Many truck drivers perform MMH, manually loading or unloading their truck, as part of their job. Compared to the group not performing MMH, the group reporting MMH had a significantly higher odds of lifetime reported falls while dismounting (OR, 1.75, 95% CI 1.26 to 2.44) and higher odds that are significant while mounting the cab (OR, 1.94, 95% CI 1.37 to 2.74) as well as [significant] higher odds of reporting falls within the 12-month period while mounting the cab (OR, 1.81, 95% CI 1.21 to 2.7) and higher odds [not significant] while dismounting the cab (OR, 1.43, 95% CI 0.98 to 2.09).

The associations between footwear and reported falls were assessed and results are presented in Table 3. The associations (odds ratios) between the footwear as reported by the participants show lower odds of reported falls (both 12-month and lifetime while mounting or dismounting) when reporting athletic or cowboy shoes when compared to work boots. Compared to work boots category (the reference category), the odds of reports of lifetime falls dismounting the cab were significantly lower for the athletic category (OR, 0.5, 95% CI 0.25 to 0.98) and also significantly lower for the cowboy boots category (OR, 0.36, 95% CI 0.15 to 0.82).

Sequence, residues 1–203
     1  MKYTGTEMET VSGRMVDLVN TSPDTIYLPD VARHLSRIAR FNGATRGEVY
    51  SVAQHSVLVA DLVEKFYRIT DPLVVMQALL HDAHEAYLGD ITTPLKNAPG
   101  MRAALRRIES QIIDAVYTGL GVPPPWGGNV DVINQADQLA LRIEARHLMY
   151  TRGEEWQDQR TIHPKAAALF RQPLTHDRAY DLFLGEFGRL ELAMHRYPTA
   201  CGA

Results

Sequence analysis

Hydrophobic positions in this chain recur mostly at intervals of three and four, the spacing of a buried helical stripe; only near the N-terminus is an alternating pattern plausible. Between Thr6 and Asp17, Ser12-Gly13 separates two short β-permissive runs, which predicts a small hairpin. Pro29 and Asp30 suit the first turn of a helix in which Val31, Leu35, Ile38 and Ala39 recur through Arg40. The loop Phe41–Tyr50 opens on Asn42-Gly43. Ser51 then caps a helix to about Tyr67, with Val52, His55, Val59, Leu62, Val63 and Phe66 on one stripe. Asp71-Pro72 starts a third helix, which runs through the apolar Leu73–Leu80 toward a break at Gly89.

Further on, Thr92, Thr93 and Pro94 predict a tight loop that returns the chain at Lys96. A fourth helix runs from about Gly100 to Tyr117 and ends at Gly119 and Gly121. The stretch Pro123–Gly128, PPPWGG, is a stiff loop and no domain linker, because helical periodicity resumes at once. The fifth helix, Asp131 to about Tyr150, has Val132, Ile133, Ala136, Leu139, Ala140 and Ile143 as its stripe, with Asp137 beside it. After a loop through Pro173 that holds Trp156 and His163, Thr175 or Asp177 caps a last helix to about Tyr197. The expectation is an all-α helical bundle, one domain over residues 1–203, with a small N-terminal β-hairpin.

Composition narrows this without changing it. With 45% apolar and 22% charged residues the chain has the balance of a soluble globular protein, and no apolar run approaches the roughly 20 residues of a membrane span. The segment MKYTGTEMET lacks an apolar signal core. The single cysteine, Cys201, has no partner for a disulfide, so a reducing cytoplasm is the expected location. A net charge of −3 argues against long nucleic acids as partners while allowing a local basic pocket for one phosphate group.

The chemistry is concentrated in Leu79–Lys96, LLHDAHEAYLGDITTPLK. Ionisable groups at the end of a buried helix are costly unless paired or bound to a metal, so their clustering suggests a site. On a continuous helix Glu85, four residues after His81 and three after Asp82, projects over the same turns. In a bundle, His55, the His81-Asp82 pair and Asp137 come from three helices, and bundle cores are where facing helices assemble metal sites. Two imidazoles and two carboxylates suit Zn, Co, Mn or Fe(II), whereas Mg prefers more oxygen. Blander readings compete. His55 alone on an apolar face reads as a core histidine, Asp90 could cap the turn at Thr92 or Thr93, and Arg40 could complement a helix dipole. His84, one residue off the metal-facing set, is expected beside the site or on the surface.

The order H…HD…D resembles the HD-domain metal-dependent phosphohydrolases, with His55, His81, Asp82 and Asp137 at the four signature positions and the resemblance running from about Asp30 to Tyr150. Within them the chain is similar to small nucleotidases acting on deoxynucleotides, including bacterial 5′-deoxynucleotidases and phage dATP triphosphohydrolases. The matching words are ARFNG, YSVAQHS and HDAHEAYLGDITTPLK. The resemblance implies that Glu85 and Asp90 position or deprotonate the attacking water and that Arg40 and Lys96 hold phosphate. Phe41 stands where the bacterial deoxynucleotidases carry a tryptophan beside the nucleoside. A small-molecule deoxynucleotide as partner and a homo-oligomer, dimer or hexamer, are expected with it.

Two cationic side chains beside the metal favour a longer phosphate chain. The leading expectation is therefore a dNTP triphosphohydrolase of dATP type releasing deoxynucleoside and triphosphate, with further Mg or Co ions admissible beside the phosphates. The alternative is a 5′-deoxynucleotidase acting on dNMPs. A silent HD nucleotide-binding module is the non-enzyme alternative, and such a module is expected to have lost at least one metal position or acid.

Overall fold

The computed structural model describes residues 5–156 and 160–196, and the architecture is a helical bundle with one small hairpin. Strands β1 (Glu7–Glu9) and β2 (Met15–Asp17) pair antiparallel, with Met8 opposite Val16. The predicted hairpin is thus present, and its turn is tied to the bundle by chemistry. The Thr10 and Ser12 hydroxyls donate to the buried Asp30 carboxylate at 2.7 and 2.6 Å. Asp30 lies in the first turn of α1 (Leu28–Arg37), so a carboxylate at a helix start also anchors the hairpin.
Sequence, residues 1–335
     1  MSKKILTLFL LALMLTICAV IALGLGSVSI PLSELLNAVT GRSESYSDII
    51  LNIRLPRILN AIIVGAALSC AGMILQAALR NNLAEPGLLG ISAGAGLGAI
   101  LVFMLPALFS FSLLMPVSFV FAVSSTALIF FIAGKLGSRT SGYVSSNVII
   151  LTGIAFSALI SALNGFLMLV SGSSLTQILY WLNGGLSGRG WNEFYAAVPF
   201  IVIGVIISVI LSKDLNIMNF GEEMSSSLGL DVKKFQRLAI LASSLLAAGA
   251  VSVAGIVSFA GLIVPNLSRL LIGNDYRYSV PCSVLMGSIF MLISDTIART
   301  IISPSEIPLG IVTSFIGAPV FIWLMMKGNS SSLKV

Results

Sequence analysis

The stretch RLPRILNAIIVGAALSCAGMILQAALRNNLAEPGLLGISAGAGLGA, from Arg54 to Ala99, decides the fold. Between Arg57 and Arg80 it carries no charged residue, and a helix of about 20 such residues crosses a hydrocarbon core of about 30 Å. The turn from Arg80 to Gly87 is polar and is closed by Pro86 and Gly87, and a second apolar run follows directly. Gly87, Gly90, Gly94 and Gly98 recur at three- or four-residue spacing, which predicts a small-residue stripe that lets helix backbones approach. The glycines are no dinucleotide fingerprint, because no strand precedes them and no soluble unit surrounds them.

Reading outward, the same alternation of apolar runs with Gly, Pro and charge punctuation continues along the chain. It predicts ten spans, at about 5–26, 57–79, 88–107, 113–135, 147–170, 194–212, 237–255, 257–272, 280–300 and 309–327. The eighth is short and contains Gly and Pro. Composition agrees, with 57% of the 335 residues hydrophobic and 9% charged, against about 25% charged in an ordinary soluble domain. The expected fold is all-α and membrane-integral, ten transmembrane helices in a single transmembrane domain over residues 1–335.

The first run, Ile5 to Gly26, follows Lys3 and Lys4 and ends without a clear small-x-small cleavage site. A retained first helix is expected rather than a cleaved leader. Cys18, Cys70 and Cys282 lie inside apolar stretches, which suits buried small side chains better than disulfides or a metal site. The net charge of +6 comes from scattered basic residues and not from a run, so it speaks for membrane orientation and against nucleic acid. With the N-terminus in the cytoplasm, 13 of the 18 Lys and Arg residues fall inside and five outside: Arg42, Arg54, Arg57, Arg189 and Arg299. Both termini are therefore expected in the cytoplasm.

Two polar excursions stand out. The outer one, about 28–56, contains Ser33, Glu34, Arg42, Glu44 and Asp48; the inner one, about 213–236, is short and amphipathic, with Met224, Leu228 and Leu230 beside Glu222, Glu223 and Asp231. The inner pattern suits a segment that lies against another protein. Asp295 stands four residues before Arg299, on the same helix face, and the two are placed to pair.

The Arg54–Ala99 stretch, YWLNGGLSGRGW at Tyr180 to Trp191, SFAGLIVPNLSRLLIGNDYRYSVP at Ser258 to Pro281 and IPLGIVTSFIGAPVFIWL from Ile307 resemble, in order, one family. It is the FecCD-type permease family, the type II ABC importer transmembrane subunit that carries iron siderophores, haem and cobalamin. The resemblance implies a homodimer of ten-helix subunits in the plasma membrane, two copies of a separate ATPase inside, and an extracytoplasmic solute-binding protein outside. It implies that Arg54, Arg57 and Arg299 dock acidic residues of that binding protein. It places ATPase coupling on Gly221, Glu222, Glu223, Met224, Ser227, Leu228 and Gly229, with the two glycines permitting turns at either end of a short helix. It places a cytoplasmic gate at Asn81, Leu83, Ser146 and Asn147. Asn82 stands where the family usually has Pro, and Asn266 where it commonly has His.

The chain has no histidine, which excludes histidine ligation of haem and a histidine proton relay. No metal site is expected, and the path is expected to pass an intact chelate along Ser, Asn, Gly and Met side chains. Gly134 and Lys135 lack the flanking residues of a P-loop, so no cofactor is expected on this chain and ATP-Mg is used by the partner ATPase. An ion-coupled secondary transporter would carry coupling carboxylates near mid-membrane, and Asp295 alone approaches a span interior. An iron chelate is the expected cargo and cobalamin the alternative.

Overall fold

The majority of falls occurred around the cab (80.6%), while 19.4% occurred on the trailer, and the remaining 2.5% occurred elsewhere (catwalk, box, ground, etc.) Table 4. This is consistent between haul types, as illustrated in Figure 1. Results from the logistic regression do not show a significant relationship between the location of fall and 12-month reports of falls while mounting, (OR, 1.47, 95% CI 0.86 to 2.51), and dismounting, (OR, 1.49, 95% CI 0.9 to 2.47) as well as lifetime reports of falls mounting, (OR, 1.02, 95% CI 0.61 to 1.71), and dismounting the vehicle, (OR, 0.61, 95% CI 0.25 to 1.49).

Falls from the Cab
Haul Type 12 Month Lifetime
Mounting Dismounting  Mounting  Dismounting
Long Haul 1.1 1.1 5.1 6.0
Short Haul 0.9 1.0 8.7 9.8
Both 1.1 2.1 15.6 19.2
Other 1.0 0.0 30.0 12.5
Falls from the Trailer
  12 Month Lifetime
Mounting Dismounting  Mounting  Dismounting
Long Haul 2.3 2.4 8.7 8.7
Short Haul 0.6 0.6 4.4 5.4
Both 0.0 0.0 1.0 2.5
Other 0.0 0.0 0.0 1.0

Table 4: Comparison of the mean counts falls by location.


Figure 1: Reported location of falls.